Debate continues about how biosimilars that are emerging to treat rheumatic diseases will be named and monitored, said panelists at a recent meeting in Washington, D.C.—Biosimilars in the United States: Next Steps.
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Angus Worthing, MD, FACR, FACP, a member of the ACR’s Government Affairs Committee, shared rheumatologists’ concerns as these new therapies come to market. And it’s an urgent debate: a biosimilar to Remicade (infliximab), called Inflectra (infliximab-dyyb), was approved by the Food and Drug Administration (FDA) on April 5. And two more are on the horizon: The FDA’s Arthritis Advisory Committee met and reviewed proposed biosimilars for etanercept and adalimumab in July, voting unanimously to approve them.
“Right now, we have a lot of confidence that the FDA will give us good information on these products’ safety and efficacy,” said Dr. Worthing. “Full transparency about biosimilars is [needed in order] for everyone to be confident about using these therapies to treat rheumatic diseases. Patients need to know what they’re taking, and physicians need to know what they’re prescribing. This can be accomplished by using distinct names for biosimilars, having clear information on FDA drug labels and implementing consumer-oriented pharmacy dispensing practices.”
Drug Naming & Substitution Concerns
Prescribers still control drug substitution at this point, because no manufacturers have applied for interchangeable status yet. There’s a higher standard of proof involved when the drug is so similar to the reference product that it could be substituted by the pharmacy like generic drugs are, something that concerns rheumatologists, according to Dr. Worthing. Pharmacy notification of biosimilar substitution to prescribers is something rheumatologists strongly support, he said.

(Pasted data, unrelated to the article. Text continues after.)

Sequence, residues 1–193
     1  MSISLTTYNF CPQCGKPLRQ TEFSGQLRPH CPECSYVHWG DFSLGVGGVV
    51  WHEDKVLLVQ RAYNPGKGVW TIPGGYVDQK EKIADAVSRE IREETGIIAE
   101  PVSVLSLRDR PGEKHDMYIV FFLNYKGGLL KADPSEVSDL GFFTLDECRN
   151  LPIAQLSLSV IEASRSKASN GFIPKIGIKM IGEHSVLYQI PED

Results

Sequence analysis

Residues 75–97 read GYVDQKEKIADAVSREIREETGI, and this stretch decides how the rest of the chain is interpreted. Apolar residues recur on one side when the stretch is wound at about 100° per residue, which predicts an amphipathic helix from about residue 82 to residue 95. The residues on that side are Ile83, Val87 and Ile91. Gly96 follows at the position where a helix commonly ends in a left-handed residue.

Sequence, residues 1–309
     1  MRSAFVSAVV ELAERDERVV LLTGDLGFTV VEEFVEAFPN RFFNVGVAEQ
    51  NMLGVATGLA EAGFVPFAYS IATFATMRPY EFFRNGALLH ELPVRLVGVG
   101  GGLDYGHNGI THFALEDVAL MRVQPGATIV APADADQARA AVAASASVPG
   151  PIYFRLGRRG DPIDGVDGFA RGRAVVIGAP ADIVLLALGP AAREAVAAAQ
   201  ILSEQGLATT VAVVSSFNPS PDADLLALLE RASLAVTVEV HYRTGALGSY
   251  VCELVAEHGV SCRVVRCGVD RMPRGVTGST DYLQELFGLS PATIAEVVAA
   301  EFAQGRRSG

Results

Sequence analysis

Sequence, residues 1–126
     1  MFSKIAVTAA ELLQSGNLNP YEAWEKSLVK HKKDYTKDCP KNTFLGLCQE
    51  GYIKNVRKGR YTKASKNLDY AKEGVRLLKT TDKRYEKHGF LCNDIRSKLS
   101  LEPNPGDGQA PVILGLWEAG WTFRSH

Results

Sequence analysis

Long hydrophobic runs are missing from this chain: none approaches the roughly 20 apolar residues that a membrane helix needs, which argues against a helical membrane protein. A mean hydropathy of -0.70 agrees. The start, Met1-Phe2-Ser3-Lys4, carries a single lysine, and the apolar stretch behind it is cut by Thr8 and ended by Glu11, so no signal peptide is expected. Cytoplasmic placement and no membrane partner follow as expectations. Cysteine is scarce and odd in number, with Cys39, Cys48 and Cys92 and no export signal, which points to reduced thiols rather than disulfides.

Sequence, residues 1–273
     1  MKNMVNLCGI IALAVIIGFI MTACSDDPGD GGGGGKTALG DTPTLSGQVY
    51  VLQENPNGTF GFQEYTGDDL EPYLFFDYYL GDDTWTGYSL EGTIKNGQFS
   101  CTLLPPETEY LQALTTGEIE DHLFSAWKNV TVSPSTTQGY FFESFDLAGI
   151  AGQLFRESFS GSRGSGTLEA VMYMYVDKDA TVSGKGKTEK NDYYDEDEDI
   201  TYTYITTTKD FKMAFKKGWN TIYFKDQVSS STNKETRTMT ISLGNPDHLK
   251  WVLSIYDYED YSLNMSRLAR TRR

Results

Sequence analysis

“We currently do not know what may happen when switching a patient back and forth between a biosimilar drug and its original reference product,” he continued. Some patients could become immune to the new biosimilar, as well as the original biologic drug, he said. “This may cause the drugs not to work or even cause allergic reactions, which is why it’s incredibly important that we protect patients against forced switching between biologics and biosimilars by insurance companies and pharmacy benefit management companies.”
When a patient’s condition is well controlled or in remission on one agent, changing products may not be in the patient’s best interest.
The FDA Steps In
The FDA has issued draft guidance documents on naming and labeling to gather opinions on future regulations, said panelist Leah Christl, PhD, the FDA’s associate director for therapeutic biologics. It is also investing in professional and patient education campaigns, and has created the Purple Book, an online biosimilars resource for prescribers.